The tenant is supposed to remove their personal possessions and relinquish the premises by the court-set deadline. If the tenant does not quit by this date, the landlord will have to undergo a further procedure to obtain vacant possession.
A landlord cannot evict a tenant themselves in person. The order for possession merely allows for a landlord to utilise the services of a court approved bailiff to attend the property and remove the tenant. A Warrant for Possession can be instructed by filling out form N325 (Request for Warrant of Possession of Land). As with most stages that involves the court, there is a court fee to pay. Currently it is £130.
Contacting a Bailiff
If the tenant is still present at the time of the warrant appointment, the county court bailiff will ask them to leave or remove them if the need arises.
A bailiff is a legal officer of the court whose job is to make sure that court orders are lawfully executed. Therefore, a bailiff is required to carry out the eviction. No other party may undertake this task unless they are authorised to do so. A representative of the landlord must meet with the bailiff and provide access to the premises.
The bailiff will be unable to lawfully conclude the appointment if access is denied. As a result, the appointment might get postponed and adding further delay to the eviction time frame. It is therefore helpful to have a locksmith on hand to ensure access can be given to the bailiff.
The process requires more time, but it’s the last step in the possession procedure. It is not common for tenants to leave a property before a bailiff is instructed but if a tenant does force a landlord down this path then the sum entered against them in adverse costs and rent arrears is likely to increase.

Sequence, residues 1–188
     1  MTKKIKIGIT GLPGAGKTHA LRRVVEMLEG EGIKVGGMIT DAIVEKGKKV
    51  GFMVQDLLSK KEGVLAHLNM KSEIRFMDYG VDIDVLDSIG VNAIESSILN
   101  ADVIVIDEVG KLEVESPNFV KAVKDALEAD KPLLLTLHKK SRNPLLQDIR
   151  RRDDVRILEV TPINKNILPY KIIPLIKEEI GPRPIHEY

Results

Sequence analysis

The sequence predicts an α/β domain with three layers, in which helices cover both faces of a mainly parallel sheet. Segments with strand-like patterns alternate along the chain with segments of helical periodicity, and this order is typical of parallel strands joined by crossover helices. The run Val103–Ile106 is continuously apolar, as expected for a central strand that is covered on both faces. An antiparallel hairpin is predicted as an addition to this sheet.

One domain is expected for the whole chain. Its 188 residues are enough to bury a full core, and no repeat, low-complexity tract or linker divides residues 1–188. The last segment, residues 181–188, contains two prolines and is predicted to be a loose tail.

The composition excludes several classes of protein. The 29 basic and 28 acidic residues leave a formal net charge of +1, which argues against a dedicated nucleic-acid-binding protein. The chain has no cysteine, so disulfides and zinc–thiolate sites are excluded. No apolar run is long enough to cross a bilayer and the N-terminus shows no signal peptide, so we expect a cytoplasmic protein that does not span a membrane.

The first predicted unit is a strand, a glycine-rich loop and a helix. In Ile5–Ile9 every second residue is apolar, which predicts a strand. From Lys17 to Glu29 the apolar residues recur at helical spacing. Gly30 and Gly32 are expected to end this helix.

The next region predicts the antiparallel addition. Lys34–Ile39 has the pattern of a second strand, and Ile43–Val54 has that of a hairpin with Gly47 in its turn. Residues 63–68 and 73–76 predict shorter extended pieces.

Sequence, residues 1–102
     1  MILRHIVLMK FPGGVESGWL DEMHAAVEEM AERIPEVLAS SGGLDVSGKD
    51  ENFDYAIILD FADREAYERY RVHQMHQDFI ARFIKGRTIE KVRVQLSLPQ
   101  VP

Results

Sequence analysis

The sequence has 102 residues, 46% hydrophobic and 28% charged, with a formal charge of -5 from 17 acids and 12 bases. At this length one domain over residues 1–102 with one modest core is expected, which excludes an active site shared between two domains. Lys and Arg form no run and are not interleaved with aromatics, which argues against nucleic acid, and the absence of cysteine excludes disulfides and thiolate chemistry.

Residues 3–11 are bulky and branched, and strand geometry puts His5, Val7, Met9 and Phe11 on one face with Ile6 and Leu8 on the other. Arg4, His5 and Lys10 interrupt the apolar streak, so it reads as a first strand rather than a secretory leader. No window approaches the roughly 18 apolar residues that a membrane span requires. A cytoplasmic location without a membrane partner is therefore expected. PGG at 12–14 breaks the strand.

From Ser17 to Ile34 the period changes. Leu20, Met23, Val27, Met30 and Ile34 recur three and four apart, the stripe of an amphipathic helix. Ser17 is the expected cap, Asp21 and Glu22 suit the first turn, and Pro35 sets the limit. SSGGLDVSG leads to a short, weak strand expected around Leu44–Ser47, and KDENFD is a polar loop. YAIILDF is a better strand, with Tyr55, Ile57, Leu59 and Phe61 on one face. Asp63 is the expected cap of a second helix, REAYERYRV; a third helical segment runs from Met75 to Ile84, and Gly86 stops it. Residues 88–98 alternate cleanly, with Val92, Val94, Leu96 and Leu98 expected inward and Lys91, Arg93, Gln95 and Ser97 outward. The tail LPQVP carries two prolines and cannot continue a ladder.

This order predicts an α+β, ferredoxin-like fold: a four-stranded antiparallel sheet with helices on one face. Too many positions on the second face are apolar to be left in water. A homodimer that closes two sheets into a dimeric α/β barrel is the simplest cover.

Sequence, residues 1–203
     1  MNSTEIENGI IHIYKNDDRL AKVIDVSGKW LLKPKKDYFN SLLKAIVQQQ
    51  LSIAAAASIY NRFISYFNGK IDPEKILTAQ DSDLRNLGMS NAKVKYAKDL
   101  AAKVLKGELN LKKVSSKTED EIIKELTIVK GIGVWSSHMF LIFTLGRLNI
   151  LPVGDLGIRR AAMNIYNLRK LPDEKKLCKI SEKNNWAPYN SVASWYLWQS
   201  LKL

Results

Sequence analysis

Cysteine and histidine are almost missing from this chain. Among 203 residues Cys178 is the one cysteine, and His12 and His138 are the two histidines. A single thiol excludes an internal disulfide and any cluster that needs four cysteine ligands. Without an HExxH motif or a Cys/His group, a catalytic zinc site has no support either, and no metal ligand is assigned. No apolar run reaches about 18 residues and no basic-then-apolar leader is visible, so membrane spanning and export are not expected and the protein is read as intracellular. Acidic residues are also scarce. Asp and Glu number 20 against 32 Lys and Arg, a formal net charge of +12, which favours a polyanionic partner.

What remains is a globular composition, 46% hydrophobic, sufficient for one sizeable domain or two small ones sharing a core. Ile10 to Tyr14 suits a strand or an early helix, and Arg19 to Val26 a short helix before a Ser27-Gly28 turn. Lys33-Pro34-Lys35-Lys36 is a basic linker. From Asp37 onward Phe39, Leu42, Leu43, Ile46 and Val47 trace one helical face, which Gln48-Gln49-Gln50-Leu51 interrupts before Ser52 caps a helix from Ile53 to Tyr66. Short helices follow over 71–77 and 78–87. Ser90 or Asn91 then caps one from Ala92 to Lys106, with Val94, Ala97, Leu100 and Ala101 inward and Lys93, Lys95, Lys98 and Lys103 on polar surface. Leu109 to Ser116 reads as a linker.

A tenant should think carefully about exercising their right to stay in the property after a court order has been entered and a bailiff instructed as it may affect their ability to collect all of their personal possession on the date of the appointment although there is formal provision for them to collect their personal possession within a reasonable time frame after the bailiff appointment date. Sadly, many agencies will advise them to remain in the property and wait for a bailiff. As such, landlords should mentally prepare themselves for the worst case scenario.
To conclude the Warrant appointment, a bailiff can use reasonable force and, in rare situations, request police assistance.
How Long Does The Process Take?
Because the time frame varies from case to case and is highly influenced by the court’s backlog, it is difficult to offer a precise timeline for the entire process. A case that is more intricate or defended may take far longer than one in which the tenant has buried their head in the sand and refused to cooperate. A minimum of 2-3 months should be given for the possession procedure and a further 6-8 weeks as a minimum for a bailiff appointment. These are achievable time frames but the reality could well be much longer.
Furthermore, where the grounds for possession are rent arrears, the availability of court dates is unquestionably a significant factor in determining how long the court process will take. Some courts are taking between 6 to 9 months to offer initial direction hearing listings. Hence, why it’s helpful to ensure the claim filed is robust as securing a judgment at the initial hearing has clear advantages. Unfortunately, this cannot always be guaranteed especially if a tenant is minded, or alleges reasons with which to defend the grounds for possession.
Our team of property specialists and experts in landlord and tenant law can help you through the procedure of tenant eviction UK and other tenancy disputes. Our rent arrears expert UK can help you recover rent arrears and handle your case from start to finish. We will always try to explore avenues which secure an outcome much earlier than what any court procedure can offer.
Get in touch with us today to learn how our eviction services can benefit you.